This is an unfortunate side effect of Guadagnino’s vision. He is obsessed with making Suspiria make sense, to its detriment. It’s almost as if he got so caught up in creating a believable universe for his characters to inhabit that he forgot he was making a supernatural horror film. (Had Guadagnino not said that he wanted to evoke “uncompromising darkness” with this work, my expectations to be genuinely disturbed wouldn’t have been so high.) Suspiria is overburdened with additional plotlines and characters that distract from its central message, and even the scenes that are supposed to read as freaky don’t always manage to do so. There is only one absolutely brutal kill in which a dancer’s body is flung around a mirrored rehearsal room and contorted beyond recognition, and it happens within the first 30 minutes of the film and is featured in the trailer — no great surprise.

Guadagnino is an enthusiastic fan of the original and wanted to honor some of its subtler themes, but still: There is a difference between homage and allegorical wormholes that leave little to the imagination. The original Suspiria is quietly haunted by Nazi Germany, but it is a central element to this new plot and manifests in a revamped version of the psychiatrist that guides Susie in the original film. Dr. Josef Klemperer (also Swinton) is a Holocaust survivor and Jungian psychiatrist who serves as a detective of sorts throughout Suspiria as he attempts to track down his missing client Patricia (Chloë Grace Moretz) who might’ve become a terrorist or, more likely, was killed by the witches she babbles about in the opening scene.

In a film made up almost entirely of women that tries to be about women coming into their power (how timely!), Dr. Klemperer represents the patriarchy and failures of man. He’s also a rather pointless excuse for Swinton to wear a bunch of prosthetics and give the film an overwrought sentimentality that it does not need. His inclusion is clumsy and it adds to the already dragging run-time.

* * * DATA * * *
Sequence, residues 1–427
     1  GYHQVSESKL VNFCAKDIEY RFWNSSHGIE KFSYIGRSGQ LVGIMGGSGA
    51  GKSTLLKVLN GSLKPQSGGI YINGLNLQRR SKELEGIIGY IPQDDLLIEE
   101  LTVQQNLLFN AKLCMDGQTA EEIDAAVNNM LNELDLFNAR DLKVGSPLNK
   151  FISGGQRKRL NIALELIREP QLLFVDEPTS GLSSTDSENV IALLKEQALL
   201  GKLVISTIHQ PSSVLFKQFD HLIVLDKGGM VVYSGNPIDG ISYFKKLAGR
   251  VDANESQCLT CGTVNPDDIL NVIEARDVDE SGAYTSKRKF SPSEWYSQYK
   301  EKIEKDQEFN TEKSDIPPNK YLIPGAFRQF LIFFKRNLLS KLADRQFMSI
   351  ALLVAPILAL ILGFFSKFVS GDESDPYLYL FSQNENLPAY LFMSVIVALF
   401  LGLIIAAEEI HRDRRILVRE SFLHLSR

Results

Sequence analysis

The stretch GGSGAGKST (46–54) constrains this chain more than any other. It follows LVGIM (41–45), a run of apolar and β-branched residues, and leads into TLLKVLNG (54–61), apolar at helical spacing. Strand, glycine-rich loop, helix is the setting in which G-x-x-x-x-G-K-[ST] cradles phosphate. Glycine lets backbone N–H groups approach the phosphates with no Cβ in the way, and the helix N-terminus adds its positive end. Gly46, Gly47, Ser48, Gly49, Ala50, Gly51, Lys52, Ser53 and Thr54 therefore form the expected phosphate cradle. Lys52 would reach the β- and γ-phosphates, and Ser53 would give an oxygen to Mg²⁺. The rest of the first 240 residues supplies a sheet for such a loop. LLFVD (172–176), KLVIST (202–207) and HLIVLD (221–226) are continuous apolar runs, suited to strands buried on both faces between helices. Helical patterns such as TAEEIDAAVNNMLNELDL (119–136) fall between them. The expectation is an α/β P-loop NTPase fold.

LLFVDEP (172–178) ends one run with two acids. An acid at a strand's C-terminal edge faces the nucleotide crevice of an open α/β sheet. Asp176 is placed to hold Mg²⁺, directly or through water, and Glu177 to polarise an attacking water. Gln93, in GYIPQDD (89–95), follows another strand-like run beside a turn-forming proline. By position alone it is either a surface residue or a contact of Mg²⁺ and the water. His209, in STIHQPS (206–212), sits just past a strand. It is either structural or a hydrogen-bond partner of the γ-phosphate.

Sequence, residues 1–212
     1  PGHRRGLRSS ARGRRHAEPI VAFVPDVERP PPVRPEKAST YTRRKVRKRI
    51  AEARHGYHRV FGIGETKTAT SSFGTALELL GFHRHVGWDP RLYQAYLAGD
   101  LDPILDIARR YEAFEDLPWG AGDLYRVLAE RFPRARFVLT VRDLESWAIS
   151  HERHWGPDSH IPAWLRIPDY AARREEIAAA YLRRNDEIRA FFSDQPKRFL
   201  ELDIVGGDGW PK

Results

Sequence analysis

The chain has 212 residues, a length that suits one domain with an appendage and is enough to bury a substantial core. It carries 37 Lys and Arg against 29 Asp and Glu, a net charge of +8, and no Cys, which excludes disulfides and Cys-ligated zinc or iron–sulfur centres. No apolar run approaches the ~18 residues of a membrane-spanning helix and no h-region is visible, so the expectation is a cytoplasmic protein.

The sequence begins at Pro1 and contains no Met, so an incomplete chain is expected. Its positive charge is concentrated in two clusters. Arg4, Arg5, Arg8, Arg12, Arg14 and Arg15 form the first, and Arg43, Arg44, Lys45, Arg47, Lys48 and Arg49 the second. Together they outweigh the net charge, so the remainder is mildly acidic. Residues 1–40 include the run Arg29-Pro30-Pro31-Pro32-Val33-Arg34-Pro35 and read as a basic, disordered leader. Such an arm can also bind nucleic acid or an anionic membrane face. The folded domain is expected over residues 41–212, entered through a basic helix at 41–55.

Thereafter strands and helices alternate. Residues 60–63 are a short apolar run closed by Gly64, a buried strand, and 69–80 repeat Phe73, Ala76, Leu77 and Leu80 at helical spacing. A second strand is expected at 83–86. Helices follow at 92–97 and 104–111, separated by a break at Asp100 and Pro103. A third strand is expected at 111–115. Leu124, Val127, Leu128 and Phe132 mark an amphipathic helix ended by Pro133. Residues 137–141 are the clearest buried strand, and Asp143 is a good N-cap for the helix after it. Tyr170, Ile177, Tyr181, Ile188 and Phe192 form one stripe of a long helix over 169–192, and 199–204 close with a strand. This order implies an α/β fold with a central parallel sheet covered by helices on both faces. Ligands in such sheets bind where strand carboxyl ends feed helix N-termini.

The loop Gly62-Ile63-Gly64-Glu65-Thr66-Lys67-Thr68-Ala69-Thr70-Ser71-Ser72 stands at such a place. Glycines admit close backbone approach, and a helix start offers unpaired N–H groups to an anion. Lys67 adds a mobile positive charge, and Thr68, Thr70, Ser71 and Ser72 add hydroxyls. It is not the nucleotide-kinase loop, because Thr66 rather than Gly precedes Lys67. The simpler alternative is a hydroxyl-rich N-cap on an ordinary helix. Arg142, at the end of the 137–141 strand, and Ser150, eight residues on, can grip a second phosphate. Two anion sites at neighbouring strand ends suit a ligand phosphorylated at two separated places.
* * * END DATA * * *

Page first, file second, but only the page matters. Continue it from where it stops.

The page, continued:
Klemperer aside, there are moments when historical markers elevate this film and give it the appropriate weight that the original lacked. One of those moments surfaces when the Markos dance company stages a production of their signature piece “Volk,” which was choreographed in the aftermath of World War II. Its name holds terrible significance in Germany, and the piece that accompanies the dance is an unsettling, seasick synth melody that carries the women of the company through a ritualistic choreography. They’re costumed in red rope, a nod to the bloodied dancer on the poster for the original film.

Guadagnino loves bodies — his last movie, the Oscar-winning Call Me By Your Name (2017), is replete with long, lingering shots of sweaty limbs — and he did well to center the violence of Suspiria on the dancefloor. Anyone who’s been a dancer or known a dancer or, I don’t know, seen Black Swan, will recognize the particular horror of watching a body slowly break in the name of art (or in the name of ceremonial summoning). Yorke’s lovely theme, “Suspirium,” connects the dots where we might not see them; it surfaces in the opening credits as we watch Susie’s cruel, sick mother slowly deteriorate, and it reappears later during a demanding rehearsal. “This is a waltz thinking about our bodies/ What they mean for our salvation,” Yorke sings.

There are plenty of small thematic threads like that one throughout this film, but Kajganich didn’t trust the audience to do the work, so he ties them all together in a way that is ultimately unsatisfying, and frankly, a little dumb. The horror genre is designed to leave a viewer uneasy. Suspiria is too self-serious and too busy to make a viewer feel anything but mild annoyance by the time it reaches a climax. When I left the screening, another critic looked at me and said: “What a fucking piece of crap.” While I don’t entirely disagree, I appreciate the ambition and loving care that was put into this film, so I’ll soften the language and leave it at: What a disappointment.